Orders were issued in June for the garrison Edward had left at Windsor to surrender and vacate the castle, and for Eleanor to take her daughter, her steward, and her household and remove to Westminster Palace [14]. The orders were under the seal of Henry III, but Eleanor and the garrison were not fooled. They knew the King was in Montfort’s hands and that it was the baronial leader who wanted Eleanor and her daughter, who could be seen as rallying points for royalists, not to mention Eleanor’s continental relatives in Ponthieu and Castile, more firmly under his thumb in London, his seat of power. With Eleanor at Windsor Castle was Joan, the heavily pregnant wife of Henry III’s half-brother William de Valence. She was ordered to go to a nearby religious house and await her delivery. What was likely only known to Eleanor and her attendants in June 1264 was that she too was pregnant. The orders were re-issued a week later, which shows that Eleanor and the garrison tried to delay surrendering Windsor, but Montfort was at the height of his power and could not be denied [15].

Medieval London was a very unsanitary city, and a cauldron for contagion. The Plantagenets raised their children far away from it, in the cleaner air of Windsor Castle and other country royal residences. Eleanor no doubt dreaded taking her young daughter to a city that had proven itself not only hostile to the Plantagenets, but carried the ever-present threat of disease as well. The date of her arrival at Westminster is not known, nor can it be determined if she was able to see her royal father-in-law before Simon de Montfort moved the king and the royal household to Canterbury in August in order to consult with the bishops in the cross-channel negotiations being conducted with the papal legate and the French king. Whatever Eleanor’s fears for her child’s safety, they were fully realized when young Joan died late in September at Westminster Palace. There is reference to expenses for her burial at Westminster Abbey on an entry dated 3 October 1264 in the Calendar of Liberate Rolls [16]. Eleanor would have had no choice as to where her daughter was buried: Henry III was placing his bloodline in the hands of the Confessor, and the royal family would lie as close as possible to his shrine (for which the king was building a magnificent chapel in the Abbey, work interrupted by the Barons' War) until the Second Coming. To lose their only child must’ve devastated Eleanor and Lord Edward, still a prisoner. An attempt by some of his knights to free him from Wallingford Castle had failed [17]. For King Henry III, who spent most of his days since Montfort had taken control of the government, in prayers to his favorite saint, Edward the Confessor, the death of his first grandchild was another sorrowful blow. It would have appeared to many that God was punishing the young Plantagenet couple.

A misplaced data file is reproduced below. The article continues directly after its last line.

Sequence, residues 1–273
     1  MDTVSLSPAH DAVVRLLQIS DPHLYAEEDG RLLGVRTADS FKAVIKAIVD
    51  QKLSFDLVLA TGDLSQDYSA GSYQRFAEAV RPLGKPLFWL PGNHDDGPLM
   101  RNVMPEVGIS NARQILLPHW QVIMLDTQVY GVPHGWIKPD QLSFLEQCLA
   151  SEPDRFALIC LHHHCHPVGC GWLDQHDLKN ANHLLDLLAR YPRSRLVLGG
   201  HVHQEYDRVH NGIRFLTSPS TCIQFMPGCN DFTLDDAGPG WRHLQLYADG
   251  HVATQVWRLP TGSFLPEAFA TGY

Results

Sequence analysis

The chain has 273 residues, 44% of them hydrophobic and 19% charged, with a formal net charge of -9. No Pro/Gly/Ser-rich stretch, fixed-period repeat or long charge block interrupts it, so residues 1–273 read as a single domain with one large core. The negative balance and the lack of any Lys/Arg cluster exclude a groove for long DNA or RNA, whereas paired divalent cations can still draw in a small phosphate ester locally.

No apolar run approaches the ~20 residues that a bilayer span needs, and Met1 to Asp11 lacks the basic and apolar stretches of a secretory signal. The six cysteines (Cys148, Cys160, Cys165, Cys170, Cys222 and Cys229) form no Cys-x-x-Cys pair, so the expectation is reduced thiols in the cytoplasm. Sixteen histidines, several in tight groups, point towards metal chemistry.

Eleanor’s only consolation was the child she was carrying, knowledge of which would have reached Henry III and Simon de Montfort, perhaps even the captive Lord Edward, by the time of Joan’s death. Preparations for Eleanor’s confinement were underway on 7 December 1264 at Westminster Palace [18]. Henry III spent Christmas at Woodstock, and Lord Edward at Kenilworth Castle, the chief administrative seat of Simon de Montfort, where he had to endure a magnificent celebration thrown by his captor [19]. Eleanor, still in mourning for Joan, lay awaiting her labor away from the rest of the royals. It came at some point shortly after the New Year. The exact date is not known. There is record of payment on 25 January for medicines for Eleanor’s use, and record of her churching (the purification ceremony a woman underwent 30 to 40 days after having given birth) being imminent on 3 February [18]. Again disaster struck.

The only record of Eleanor’s January 1265 birth are administrative: the preparations for her lying in, the medicine she received, and of her churching. No chronicle mentions it, and considering that Simon de Montfort’s Parliament was assembling in January 1265 to convene on the 25th, it is odd that the birth of a child, an heir to the captive Lord Edward whose release was one of the leading items on the Parliament’s agenda [20], would go unmentioned. There is no record of celebration, or of a messenger being rewarded for delivering news of the birth. No subsequent administrative record exists that mentions the name, or even existence, of a child in 1265, save Henry III’s ordering of a gold cloth for the tomb of Joan in September. There is no record of burial expenses at Westminster Abbey for any child after October 1264, no mention of any child in record until John in July 1266, and only one child (John) is mentioned in household expenses in July 1267 [21]. This leads to the conclusion that the birth in January 1265 was either stillborn, or of an infant who died very shortly afterwards, probably not living long enough to be baptized, let alone warrant its own tomb in the Abbey. Eleanor certainly had enough stress during that Christmas season to cause a difficult birth.